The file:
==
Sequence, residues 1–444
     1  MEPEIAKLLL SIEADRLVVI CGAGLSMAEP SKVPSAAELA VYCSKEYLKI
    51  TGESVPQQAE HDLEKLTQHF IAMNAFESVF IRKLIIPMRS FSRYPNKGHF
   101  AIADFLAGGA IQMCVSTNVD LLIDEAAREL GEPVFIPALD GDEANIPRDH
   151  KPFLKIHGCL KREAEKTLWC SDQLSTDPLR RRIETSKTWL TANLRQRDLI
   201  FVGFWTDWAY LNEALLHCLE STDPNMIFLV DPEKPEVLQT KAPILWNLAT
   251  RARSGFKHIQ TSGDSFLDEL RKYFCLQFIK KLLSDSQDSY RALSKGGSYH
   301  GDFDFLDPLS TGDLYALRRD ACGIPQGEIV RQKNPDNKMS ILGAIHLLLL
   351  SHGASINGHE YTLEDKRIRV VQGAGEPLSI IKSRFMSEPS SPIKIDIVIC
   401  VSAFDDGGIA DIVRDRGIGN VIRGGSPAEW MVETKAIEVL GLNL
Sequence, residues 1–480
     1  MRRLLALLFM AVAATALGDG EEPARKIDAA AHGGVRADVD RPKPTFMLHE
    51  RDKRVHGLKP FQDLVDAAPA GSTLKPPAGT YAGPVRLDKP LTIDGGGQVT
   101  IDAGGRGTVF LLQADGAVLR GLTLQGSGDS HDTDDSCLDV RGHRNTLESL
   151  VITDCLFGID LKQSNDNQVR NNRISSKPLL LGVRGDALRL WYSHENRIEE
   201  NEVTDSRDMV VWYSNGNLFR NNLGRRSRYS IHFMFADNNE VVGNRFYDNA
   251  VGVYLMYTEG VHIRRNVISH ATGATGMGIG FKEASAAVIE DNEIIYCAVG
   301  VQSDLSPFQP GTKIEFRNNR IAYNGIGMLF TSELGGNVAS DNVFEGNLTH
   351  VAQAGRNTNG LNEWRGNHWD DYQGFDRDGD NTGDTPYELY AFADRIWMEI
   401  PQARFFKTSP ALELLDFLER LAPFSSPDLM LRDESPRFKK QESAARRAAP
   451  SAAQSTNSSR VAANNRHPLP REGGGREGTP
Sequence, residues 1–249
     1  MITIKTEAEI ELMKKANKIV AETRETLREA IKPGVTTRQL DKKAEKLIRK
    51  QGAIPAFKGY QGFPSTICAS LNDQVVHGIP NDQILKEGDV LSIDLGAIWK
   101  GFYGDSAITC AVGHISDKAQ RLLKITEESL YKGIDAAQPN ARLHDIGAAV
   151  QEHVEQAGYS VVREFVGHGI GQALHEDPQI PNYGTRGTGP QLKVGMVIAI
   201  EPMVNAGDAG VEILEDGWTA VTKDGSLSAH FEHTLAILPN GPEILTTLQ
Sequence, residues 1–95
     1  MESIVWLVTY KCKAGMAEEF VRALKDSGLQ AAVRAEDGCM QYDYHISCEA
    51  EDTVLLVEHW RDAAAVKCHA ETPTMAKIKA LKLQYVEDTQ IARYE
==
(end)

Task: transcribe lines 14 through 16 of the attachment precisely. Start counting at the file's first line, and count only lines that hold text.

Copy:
   101  IDAGGRGTVF LLQADGAVLR GLTLQGSGDS HDTDDSCLDV RGHRNTLESL
   151  VITDCLFGID LKQSNDNQVR NNRISSKPLL LGVRGDALRL WYSHENRIEE
   201  NEVTDSRDMV VWYSNGNLFR NNLGRRSRYS IHFMFADNNE VVGNRFYDNA